21. Warszawski J, Tubiana R, Le Chenadec J, Blanche S, Teglas JP, Dollfus C, et al. Mother-to-child HIV transmission despite antiretroviral therapy in the ANRS French Perinatal Cohort. AIDS. 2008;22:289–99. doi: 10.1097/QAD.0b013e3282f3d63c 18097232;

22. WHO. Mother-to-child transmission of HIV 2015. [cited 2019 Jul 9]. Available from: http://www.who.int/hiv/topics/mtct/about/en/.

23. National Department of Health South Africa. National consolidated guidelines for the prevention of mother-to-child transmission of HIV (PMTCT) and the management of HIV in children, adolescents and adults. Pretoria: National Department of Health, 2015.

24. Goga A, Chirinda W, Ngandu NK, Ngoma K, Bhardwaj S, Feucht U, et al. Closing the gaps to eliminate mother-to-child transmission of HIV (MTCT) in South Africa—understanding MTCT case rates, factors that hinder the monitoring and attainment of targets, and potential game changers. S Afr Med J. 2018;108(Suppl 1):S17–S24. doi: 10.7196/SAMJ.2018.v108i3.12817

25. Haas AD, Keiser O, Balestre E, Brown S, Bissagnene E, Chimbetete C, et al. Monitoring and switching of first-line antiretroviral therapy in adult treatment cohorts in sub-Saharan Africa: collaborative analysis. Lancet HIV. 2015;2:e271–e8. doi: 10.1016/s2352-3018(15)00087-9 26423252

26. Dinh TH, Delaney KP, Goga A, Jackson D, Lombard C, Woldesenbet S, et al. Impact of maternal HIV seroconversion during pregnancy on early mother to child transmission of HIV (MTCT) measured at 4–8 weeks postpartum in South Africa 2011–2012: a national population-based evaluation. PLoS ONE. 2015;10:e0125525. doi: 10.1371/journal.pone.0125525 25942423;

27. Drake AL, Wagner A, Richardson B, John-Stewart G. Incident HIV during pregnancy and postpartum and risk of mother-to-child HIV transmission: a systematic review and meta-analysis. PLoS Med. 2014;11:e1001608. doi: 10.1371/journal.pmed.1001608 24586123;

28. Maman D, Huerga H, Mukui I, Chilima B, Kirubi B, Van Cutsem G, et al. Most breastfeeding women with high viral load are still undiagnosed in sub-Saharan Africa. Conference on Retroviruses and Opportunistic Infections (CROI); 2015; Seattle, Washington: Abstract number 32.

29. Read PJ, Mandalia S, Khan P, Harrisson U, Naftalin C, Gilleece Y, et al. When should HAART be initiated in pregnancy to achieve an undetectable HIV viral load by delivery? AIDS. 2012;26:1095–103. doi: 10.1097/QAD.0b013e3283536a6c 22441248;

30. Chetty T, Yapa HMN, Herbst C, Geldsetzer P, Naidu KK, De Neve J-W, et al. The MONARCH intervention to enhance the quality of antenatal and postnatal primary health services in rural South Africa: protocol for a stepped-wedge cluster-randomised controlled trial. BMC Health Serv Res. 2018;18:625. doi: 10.1186/s12913-018-3404-3 30089485;

31. Tanser F, Hosegood V, Bärnighausen T, Herbst K, Nyirenda M, Muhwava W, et al. Cohort profile: Africa Centre Demographic Information System (ACDIS) and population-based HIV survey. Int J Epidemiol. 2008;37:956–62. doi: 10.1093/ije/dym211 17998242;

32. Massyn N, Day C, Peer N, Padarath A, Barron P, English M. District health barometer 2013/2014. Durban: Health Systems Trust; 2014.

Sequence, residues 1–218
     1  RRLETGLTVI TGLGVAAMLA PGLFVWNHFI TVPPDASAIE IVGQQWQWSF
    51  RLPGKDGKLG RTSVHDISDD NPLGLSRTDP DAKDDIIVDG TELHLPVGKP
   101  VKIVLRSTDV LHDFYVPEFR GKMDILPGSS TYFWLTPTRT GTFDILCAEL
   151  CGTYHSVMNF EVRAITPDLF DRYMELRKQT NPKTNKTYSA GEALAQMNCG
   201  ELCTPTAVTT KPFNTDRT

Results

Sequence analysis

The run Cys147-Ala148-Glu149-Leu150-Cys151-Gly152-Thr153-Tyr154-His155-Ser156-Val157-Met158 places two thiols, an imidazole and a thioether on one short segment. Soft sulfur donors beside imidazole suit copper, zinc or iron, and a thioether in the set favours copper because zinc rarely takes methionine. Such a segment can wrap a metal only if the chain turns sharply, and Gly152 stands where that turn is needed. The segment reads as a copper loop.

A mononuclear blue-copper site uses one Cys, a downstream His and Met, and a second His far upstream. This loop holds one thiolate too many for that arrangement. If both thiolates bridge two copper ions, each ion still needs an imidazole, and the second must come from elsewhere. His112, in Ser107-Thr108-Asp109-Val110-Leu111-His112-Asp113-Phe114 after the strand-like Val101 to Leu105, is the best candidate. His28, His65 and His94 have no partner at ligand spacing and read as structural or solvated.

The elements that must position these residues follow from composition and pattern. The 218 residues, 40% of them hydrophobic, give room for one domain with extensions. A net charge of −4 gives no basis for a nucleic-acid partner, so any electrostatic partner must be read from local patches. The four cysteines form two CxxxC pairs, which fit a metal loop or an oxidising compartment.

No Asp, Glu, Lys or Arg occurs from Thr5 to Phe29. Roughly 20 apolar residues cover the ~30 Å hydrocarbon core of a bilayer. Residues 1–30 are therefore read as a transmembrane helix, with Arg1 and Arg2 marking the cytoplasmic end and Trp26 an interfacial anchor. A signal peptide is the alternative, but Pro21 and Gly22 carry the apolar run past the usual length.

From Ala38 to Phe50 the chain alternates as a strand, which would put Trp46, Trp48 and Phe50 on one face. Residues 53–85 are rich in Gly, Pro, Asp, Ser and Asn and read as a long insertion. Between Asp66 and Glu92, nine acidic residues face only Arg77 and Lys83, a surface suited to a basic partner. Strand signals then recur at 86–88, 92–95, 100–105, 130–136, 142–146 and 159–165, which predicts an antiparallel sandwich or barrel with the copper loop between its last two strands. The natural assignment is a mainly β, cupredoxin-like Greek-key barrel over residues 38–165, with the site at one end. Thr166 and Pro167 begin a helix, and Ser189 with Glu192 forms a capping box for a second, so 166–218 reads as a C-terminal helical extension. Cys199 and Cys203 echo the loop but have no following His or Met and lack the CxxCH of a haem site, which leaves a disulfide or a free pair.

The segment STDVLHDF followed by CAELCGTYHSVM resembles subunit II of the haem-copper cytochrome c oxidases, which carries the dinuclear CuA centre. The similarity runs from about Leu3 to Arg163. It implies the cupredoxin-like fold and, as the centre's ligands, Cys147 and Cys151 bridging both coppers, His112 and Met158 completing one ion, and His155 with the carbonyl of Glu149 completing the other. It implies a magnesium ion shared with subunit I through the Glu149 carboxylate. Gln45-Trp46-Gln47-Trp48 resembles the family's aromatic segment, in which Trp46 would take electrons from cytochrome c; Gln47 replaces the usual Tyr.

33. Hemming K, Taljaard M, McKenzie JE, Hooper R, Copas A, Thompson JA, et al. Reporting of stepped wedge cluster randomised trials: extension of the CONSORT 2010 statement with explanation and elaboration. BMJ. 2018;363:k1614. doi: 10.1136/bmj.k1614 30413417;

34. Hoffmann TC, Glasziou PP, Boutron I, Milne R, Perera R, Moher D, et al. Better reporting of interventions: template for intervention description and replication (TIDieR) checklist and guide. BMJ. 2014;348:g1687. doi: 10.1136/bmj.g1687 24609605;

35. Institute for Healthcare Improvement (IHI). The breakthrough series: IHI’s collaborative model for achieving breakthrough improvement. IHI Innovation Series white paper. Boston: IHI; 2003.

36. Layton A, Moss F, Morgan G. Mapping out the patient’s journey—experiences of developing pathways of care. Qual Health Care. 1998;7(Suppl):S30–S6. 10339033;

37. Bonetti PO, Waeckerlin A, Schuepfer G, Frutiger A. Improving time-sensitive processes in the intensive care unit: the example of ‘door-to-needle time’ in acute myocardial infarction. Int J Qual Health Care. 2000;12:311–7. doi: 10.1093/intqhc/12.4.311 10985269;

38. Berwick D. Developing and testing changes in delivery of care. Ann Intern Med. 1998;128:651–6. doi: 10.7326/0003-4819-128-8-199804150-00009 9537939;

39. Perla RJ, Provost LP, Murray SK. The run chart: a simple analytical tool for learning from variation in healthcare processes. BMJ Qual Saf. 2011;20:46–51. doi: 10.1136/bmjqs.2009.037895 21228075;

40. Grol R, Wensing M. Implementation of Change in Healthcare: a Complex Problem. In: Grol R, Wensing M, Eccles M, Davis D, editors. Improving patient care: The implementation of change in health care. 2nd ed. West Sussex, UK: BMJ Books, Wiley Blackwell; 2013.

41. Moore GF, Audrey S, Barker M, Bond L, Bonell C, Hardeman W, et al. Process evaluation of complex interventions: Medical Research Council guidance. BMJ. 2015;350:h1258. doi: 10.1136/bmj.h1258 25791983;

42. Harris PA, Taylor R, Thielke R, Payne J, Gonzalez N, Conde JG. Research electronic data capture (REDCap)—a metadata-driven methodology and workflow process for providing translational research informatics support. J Biomed Inform. 2009;42:377–81. doi: 10.1016/j.jbi.2008.08.010 18929686;

43. Barnhart D, Hertzmark E, Liu E, Mungure E, Muya AN, Sando D, et al. Intra-cluster correlation estimates for HIV-related outcomes from care and treatment clinics in Dar es Salaam, Tanzania. Contemp Clin Trials Commun. 2016;4:161–9. doi: 10.1016/j.conctc.2016.09.001 27766318;

44. Zou G. A modified Poisson regression approach to prospective studies with binary data. Am J Epidemiol. 2004;159:702–6. doi: 10.1093/aje/kwh090 15033648;